[ uh-bawrd, uh-bohrd ]
/ əˈbɔrd, əˈboʊrd /


on board; on, in, or into a ship, train, airplane, bus, etc.: to step aboard.
alongside; to the side.
Baseball. on base: a homer with two aboard.
into a group as a new member: The office manager welcomed him aboard.


on board of; on, in, or into: to come aboard a ship.

Nearby words

  1. abnormally,
  2. abnormity,
  3. abo,
  4. abo hemolytic disease of newborn,
  5. abo system,
  6. aboardage,
  7. abode,
  8. abohm,
  9. aboideau,
  10. aboil


    all aboard! (as a warning to passengers entering or planning to enter a train, bus, boat, etc., just before starting) Everyone get on!

Origin of aboard

1350–1400; Middle English abord(e) (see a-1, board), perhaps conflated with Middle French a bord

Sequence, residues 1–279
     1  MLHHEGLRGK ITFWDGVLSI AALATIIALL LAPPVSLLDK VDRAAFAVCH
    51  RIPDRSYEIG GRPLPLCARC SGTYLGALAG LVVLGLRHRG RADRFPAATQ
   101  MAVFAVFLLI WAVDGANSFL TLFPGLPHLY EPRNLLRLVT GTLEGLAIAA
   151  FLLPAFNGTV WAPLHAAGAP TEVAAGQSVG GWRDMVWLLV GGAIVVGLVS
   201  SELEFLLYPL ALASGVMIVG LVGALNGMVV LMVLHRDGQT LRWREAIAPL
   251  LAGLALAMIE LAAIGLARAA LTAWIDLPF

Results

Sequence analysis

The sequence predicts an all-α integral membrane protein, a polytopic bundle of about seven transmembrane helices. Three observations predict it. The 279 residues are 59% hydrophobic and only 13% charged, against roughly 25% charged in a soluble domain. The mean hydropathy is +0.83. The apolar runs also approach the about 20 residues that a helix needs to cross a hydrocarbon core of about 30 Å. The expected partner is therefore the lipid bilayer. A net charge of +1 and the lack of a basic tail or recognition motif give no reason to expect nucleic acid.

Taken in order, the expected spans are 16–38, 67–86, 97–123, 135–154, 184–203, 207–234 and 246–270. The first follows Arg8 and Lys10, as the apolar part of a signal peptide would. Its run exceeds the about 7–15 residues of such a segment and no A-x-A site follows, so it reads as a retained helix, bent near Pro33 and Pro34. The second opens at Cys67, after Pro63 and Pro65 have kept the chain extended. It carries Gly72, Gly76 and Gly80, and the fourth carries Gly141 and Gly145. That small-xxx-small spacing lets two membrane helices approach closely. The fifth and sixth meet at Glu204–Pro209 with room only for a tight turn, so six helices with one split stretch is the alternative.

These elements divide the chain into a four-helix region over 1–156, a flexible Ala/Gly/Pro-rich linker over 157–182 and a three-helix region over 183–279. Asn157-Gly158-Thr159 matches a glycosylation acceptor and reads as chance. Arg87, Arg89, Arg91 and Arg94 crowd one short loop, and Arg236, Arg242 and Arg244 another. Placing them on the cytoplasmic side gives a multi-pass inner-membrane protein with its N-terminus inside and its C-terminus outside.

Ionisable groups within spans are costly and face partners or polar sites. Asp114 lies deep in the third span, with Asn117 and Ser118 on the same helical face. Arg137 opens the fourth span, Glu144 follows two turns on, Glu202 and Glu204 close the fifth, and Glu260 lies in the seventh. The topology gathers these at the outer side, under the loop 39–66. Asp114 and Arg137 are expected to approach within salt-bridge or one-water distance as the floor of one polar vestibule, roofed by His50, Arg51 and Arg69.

Can be confusedaboard abort abroad

Dictionary.com Unabridged Based on the Random House Unabridged Dictionary, © Random House, Inc. 2019

Examples from the Web for aboard

British Dictionary definitions for aboard


/ (əˈbɔːd) /

adverb, adjective, preposition (postpositive)

on, in, onto, or into (a ship, train, aircraft, etc)
nautical alongside (a vessel)
all aboard! a warning to passengers to board a vehicle, ship, etc
Collins English Dictionary - Complete & Unabridged 2012 Digital Edition © William Collins Sons & Co. Ltd. 1979, 1986 © HarperCollins Publishers 1998, 2000, 2003, 2005, 2006, 2007, 2009, 2012

Word Origin and History for aboard



late 14c., probably in most cases from Old French à bord, from à "on" + bord "board," from Frankish *bord or a similar Germanic source (see board (n.2)); the "boarding" or sides of a vessel extended to the ship itself. The usual Middle English expression was within shippes borde. The call all aboard! as a warning to passengers is attested from 1838.

Online Etymology Dictionary, © 2010 Douglas Harper